There is also a traditional, authentic cheese market every year in the month of August. The farmers will arrive with the most historic transport that they have to the cheese market. During the day there are tests for the most beautiful product of each category.

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The audience can get the chance during the event ‘Vermaak me smaak’, to give it a shot as well. The top five of the original tests will be tasted by the audience, who then chooses a winner. You will also see the tradition of ‘handjeklap’ where the farmers and traders will almost fight each other heads off (don’t worry, not literally) for the best prices. Everyone will wear traditional clothing.

Another event is on the first Saturday of June. The first grass cheese will be presented. No, not made of grass, but from the milk of cows that eat grass. As cows aren’t outside the entire year because of the weather, April is the month that they go outside again. Cheese needs to ripen further for some months (depending on how old you want your cheese to be). When the first cheese is sold, a 125 kg grass cheese is being auctioned for charity.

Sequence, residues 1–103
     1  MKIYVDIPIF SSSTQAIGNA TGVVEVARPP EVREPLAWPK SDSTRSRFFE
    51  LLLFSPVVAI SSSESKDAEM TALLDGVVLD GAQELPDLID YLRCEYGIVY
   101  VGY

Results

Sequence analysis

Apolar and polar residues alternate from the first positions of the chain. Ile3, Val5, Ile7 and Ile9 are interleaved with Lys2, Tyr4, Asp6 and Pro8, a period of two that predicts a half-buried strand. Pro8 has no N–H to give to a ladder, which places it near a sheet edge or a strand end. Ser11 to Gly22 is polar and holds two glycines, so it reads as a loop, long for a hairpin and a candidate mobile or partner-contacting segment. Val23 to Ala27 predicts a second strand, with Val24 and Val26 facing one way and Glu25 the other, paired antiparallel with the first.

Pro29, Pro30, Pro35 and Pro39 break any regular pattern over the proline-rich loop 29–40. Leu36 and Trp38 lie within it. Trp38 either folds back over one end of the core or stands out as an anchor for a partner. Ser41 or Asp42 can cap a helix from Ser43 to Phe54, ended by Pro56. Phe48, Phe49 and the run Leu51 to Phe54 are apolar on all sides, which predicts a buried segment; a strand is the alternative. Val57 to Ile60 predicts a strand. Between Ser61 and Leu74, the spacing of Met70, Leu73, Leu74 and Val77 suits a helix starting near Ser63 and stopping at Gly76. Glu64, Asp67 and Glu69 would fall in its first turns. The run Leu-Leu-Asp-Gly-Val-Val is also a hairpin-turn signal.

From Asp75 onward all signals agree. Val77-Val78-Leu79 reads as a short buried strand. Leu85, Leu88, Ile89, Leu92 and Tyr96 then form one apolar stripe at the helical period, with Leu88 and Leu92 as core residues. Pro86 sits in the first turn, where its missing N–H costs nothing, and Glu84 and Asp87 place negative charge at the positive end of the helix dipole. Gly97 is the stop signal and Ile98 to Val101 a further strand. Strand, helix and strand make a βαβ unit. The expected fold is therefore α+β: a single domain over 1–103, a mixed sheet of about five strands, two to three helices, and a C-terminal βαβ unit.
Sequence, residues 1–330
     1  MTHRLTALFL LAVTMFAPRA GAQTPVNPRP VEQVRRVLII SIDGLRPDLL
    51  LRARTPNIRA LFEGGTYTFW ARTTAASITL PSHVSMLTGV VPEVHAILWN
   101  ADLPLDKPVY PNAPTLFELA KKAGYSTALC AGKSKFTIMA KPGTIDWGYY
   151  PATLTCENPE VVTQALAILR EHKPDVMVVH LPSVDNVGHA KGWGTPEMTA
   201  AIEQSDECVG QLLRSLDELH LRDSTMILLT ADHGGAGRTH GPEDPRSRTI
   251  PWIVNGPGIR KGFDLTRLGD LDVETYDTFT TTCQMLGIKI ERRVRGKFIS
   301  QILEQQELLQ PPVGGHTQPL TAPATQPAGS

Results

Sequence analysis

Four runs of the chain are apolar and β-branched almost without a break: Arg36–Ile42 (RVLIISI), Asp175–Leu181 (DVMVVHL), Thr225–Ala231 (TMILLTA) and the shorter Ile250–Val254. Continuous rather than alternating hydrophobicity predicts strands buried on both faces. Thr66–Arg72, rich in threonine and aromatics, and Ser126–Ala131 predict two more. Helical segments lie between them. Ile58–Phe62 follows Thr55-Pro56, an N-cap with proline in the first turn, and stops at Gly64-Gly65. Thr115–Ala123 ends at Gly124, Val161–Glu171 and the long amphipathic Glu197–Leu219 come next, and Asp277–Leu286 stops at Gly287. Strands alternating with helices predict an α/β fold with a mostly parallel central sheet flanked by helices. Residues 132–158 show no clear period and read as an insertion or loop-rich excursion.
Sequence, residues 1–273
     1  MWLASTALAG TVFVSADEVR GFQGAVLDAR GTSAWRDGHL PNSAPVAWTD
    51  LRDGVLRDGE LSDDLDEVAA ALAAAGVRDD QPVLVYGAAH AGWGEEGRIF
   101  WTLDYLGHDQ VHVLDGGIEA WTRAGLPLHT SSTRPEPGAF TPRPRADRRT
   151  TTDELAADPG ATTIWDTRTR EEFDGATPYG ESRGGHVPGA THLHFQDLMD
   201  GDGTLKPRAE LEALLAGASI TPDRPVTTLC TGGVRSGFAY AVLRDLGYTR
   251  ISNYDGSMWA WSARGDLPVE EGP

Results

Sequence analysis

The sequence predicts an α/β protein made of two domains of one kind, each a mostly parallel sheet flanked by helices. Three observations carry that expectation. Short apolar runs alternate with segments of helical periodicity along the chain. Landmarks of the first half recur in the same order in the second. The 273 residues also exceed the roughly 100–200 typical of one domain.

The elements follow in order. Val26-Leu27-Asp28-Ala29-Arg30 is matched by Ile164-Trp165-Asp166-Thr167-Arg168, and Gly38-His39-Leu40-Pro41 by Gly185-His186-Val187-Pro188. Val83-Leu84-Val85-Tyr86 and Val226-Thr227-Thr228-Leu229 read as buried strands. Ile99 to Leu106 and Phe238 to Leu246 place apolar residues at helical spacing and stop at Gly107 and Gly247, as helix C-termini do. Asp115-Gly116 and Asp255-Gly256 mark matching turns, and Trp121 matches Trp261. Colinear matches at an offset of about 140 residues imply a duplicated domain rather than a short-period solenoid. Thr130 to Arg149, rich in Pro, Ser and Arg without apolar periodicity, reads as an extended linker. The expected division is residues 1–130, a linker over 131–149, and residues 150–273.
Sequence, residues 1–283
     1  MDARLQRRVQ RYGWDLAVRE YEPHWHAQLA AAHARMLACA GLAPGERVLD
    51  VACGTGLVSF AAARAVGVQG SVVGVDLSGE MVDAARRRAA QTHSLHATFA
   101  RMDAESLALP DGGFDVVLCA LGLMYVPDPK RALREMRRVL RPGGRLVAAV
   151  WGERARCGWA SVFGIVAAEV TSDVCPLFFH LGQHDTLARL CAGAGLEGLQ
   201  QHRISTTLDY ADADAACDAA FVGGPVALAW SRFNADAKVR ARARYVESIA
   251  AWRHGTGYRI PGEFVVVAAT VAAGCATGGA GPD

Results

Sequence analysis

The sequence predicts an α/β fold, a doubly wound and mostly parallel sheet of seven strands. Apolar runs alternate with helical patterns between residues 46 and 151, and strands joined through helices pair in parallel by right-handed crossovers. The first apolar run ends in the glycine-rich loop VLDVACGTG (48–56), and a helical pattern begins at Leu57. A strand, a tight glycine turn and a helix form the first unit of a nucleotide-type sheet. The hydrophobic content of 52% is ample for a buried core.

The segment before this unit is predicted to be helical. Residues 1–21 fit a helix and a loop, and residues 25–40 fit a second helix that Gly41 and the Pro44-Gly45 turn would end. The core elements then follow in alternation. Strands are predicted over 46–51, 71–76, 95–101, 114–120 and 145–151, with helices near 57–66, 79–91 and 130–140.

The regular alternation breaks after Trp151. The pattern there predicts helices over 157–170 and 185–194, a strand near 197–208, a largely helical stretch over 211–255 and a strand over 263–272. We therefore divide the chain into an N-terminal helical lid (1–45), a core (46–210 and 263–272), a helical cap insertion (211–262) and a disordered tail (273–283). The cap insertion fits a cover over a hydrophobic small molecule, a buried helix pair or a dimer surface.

Opening and preparation

The normal cheese markets start at 10:30 when the local mayor of Woerden together with the so-called youth queen and ladies-in-waiting are driven towards the city enter. The prizes of the tests are awarded near the cheese bell.

At 11:00, the cheese market opens, and everyone is allowed to start with ‘handjeklap’. Around 12:00 the final price per kilo is decided. On the Kerkplein (church square) visitors can make cheese and try the famous boerenkaas from the area (farmer cheese).

There is a narrator who tells the audience everything that is happening in the cheese market.

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Important information

In 2018, the normal cheese markets are every Saturday morning from the 28th of April until the 25th of August. It starts at 11:00 until 13:00 at Kerkplein (church square).

The special day for grass cheese is at Saturday the 2nd of June from 11:00- 13:00, at the same location, Kerkplein.

The historic cheese market is on Saturday the 25th of August from 9:00- 17:00, also at Kerkplein.

If you liked this article and want to share the article and everything you’ve learned today with your friends and family, please do so. You might even make a Dutch person happy for a day. And that is something doesn’t happen often. Pin in, tweet it, gram it, post it, whatever you want.

If you have any questions, let me know in the comments and I will happily help you.